TALKing with children about tragic death

Categories: Care.

In the wake of media attention to tragedy around the world and in our backyards, it is often tempting for adults and caregivers to shelter children from the reality of death. But shielding kids from tragic death can be just as (if not more) damaging to children.

The TALK acronym gives caregivers a way to remember four fundamentals when speaking to kids about tragic death:

T:  Tell the truth

  • Find a time and comfortable place where you can give your child undivided attention.
  • Ask gentle, open-ended questions about what they saw or learned about the tragedy, for instance, “Is there anything you learned about at school today that was scary or confusing?”
  • Be honest about what you know about the tragedy using simple, general terms.
  • Provide reassurance. Children may fear that something similar might happen to them. Children need to hear from trusted adults that most people behave responsibly and do not hurt others, no matter how angry they feel. You might say, for example, “The person who killed those people made a bad choice to use violence to hurt others. In our family, we know that it is always best to talk about our feelings and we do not use violence to hurt others.”

A:  Acknowledge feelings

  • Children need to know that they are heard and loved despite having difficult feelings. Encourage them to express their feelings and model this by sharing that tragedies are hard for adults to manage as well.
  • Provide ways to let out feelings: talking, drawing, music, playing, exercising, spending time with friends and family, journaling, etc. Kids also may need more comfort or physical affection than usual.
  • Take care of your own needs—when kids see adults taking care of their grief needs it gives them permission to do the same. Children whose caregivers take care of themselves often cope better than those who don’t.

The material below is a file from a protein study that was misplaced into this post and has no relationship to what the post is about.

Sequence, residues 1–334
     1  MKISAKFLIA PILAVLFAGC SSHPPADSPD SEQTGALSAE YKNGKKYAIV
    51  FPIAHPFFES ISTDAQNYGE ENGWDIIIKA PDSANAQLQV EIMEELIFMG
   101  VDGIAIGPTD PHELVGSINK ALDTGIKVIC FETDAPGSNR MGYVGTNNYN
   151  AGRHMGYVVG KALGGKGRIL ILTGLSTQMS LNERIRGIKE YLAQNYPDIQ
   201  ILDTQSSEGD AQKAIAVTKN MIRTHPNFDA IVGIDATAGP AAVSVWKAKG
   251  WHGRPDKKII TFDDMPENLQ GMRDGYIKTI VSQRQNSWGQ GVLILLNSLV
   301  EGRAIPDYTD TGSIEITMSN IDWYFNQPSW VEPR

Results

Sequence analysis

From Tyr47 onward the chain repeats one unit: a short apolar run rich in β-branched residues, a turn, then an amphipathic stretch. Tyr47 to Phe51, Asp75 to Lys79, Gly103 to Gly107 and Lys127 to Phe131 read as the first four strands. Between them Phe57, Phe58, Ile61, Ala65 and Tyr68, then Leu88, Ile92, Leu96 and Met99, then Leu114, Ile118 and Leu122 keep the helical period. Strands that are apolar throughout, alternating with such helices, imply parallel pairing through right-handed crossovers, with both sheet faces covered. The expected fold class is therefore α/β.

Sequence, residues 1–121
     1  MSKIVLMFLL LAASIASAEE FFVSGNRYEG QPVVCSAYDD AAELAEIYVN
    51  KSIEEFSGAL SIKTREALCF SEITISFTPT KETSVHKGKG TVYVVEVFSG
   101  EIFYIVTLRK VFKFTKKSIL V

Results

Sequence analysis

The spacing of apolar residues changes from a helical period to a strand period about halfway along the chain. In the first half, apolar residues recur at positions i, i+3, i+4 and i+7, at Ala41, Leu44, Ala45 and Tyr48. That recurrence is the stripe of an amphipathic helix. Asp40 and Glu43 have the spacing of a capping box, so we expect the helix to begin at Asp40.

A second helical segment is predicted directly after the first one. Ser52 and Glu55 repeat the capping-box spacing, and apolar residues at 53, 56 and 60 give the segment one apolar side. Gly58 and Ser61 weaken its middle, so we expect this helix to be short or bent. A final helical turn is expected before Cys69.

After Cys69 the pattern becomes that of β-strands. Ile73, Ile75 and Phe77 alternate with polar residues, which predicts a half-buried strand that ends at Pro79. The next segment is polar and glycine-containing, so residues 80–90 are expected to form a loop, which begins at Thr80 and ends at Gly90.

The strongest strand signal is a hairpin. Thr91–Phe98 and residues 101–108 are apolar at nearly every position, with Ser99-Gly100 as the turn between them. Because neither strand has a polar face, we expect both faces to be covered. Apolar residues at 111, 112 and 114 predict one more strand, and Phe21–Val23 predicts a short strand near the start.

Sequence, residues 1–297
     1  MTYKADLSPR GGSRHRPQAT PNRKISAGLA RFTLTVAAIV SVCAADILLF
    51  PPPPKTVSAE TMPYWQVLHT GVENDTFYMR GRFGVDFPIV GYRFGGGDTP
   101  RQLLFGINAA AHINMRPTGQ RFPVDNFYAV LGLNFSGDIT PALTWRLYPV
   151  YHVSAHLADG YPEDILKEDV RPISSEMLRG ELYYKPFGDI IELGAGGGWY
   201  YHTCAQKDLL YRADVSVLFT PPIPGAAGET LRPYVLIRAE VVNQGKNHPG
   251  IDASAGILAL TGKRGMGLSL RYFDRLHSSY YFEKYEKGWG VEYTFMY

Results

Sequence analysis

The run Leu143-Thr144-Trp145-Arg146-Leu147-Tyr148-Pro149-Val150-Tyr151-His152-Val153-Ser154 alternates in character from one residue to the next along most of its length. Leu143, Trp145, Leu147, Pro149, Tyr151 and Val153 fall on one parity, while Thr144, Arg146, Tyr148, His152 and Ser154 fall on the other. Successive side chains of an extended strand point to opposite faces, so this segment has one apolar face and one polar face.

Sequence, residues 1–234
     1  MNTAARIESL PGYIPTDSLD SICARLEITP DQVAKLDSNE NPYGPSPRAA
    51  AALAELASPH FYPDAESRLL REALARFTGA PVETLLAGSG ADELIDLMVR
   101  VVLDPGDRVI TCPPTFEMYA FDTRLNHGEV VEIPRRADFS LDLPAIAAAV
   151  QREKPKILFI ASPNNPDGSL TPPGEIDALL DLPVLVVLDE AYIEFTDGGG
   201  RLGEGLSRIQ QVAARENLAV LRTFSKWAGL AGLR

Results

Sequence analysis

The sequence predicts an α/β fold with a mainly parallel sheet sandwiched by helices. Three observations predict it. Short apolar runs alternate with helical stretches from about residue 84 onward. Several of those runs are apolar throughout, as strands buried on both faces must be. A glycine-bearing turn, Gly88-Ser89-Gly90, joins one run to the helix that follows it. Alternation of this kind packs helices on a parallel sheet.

L:  Listen

  • Allow kids to share their questions, concerns, and feelings with you without minimizing or trying to fix them. For instance, when a child tells you they are hurting you might say, “You feel so sad right now. I’m here to listen and sit together when you need me.” Or don’t say anything at all and give a hug instead.
  • If your child asks a question and you don’t know the answer, it is ok to say, “I don’t know the answer. Let me find out and I will tell you what I learn.” Or “That is a good question. Let me think about it.”
  • Try to limit screen time and exposure to news media—for kids and yourself. Children may look for information about the tragedy and, in doing so, be traumatized by graphic images or descriptions of the event which may make them feel as if they’ve done something wrong. Normalize their curiosity and check in daily with children about what they have heard, seen, or read about the tragedy.

K:  Keep routines consistent

  • Knowing what to expect can be reassuring when tragedy turns our worlds upside down. Continue doing the same routines as before the tragedy: bedtime at the same time, getting ready for and going to school, etc.
  • If you anticipate a change in routine, let children know what to expect and tell them ahead of time.


Kate Sutton, MS/EdS, NCC, LPCA is a child and teen bereavement counselor with Transitions GriefCare, which is a part of Transitions LifeCare that serves Wake County, North Carolina. This article was originally posted on the Transitions LifeCare blog.

Transitions GriefCare provides individual and group counseling services to adults and children grieving the illness or death of a loved one. We are also available to consult with parents, caregivers, communities, and school personnel to provide quality grief education and support for bereaved children.

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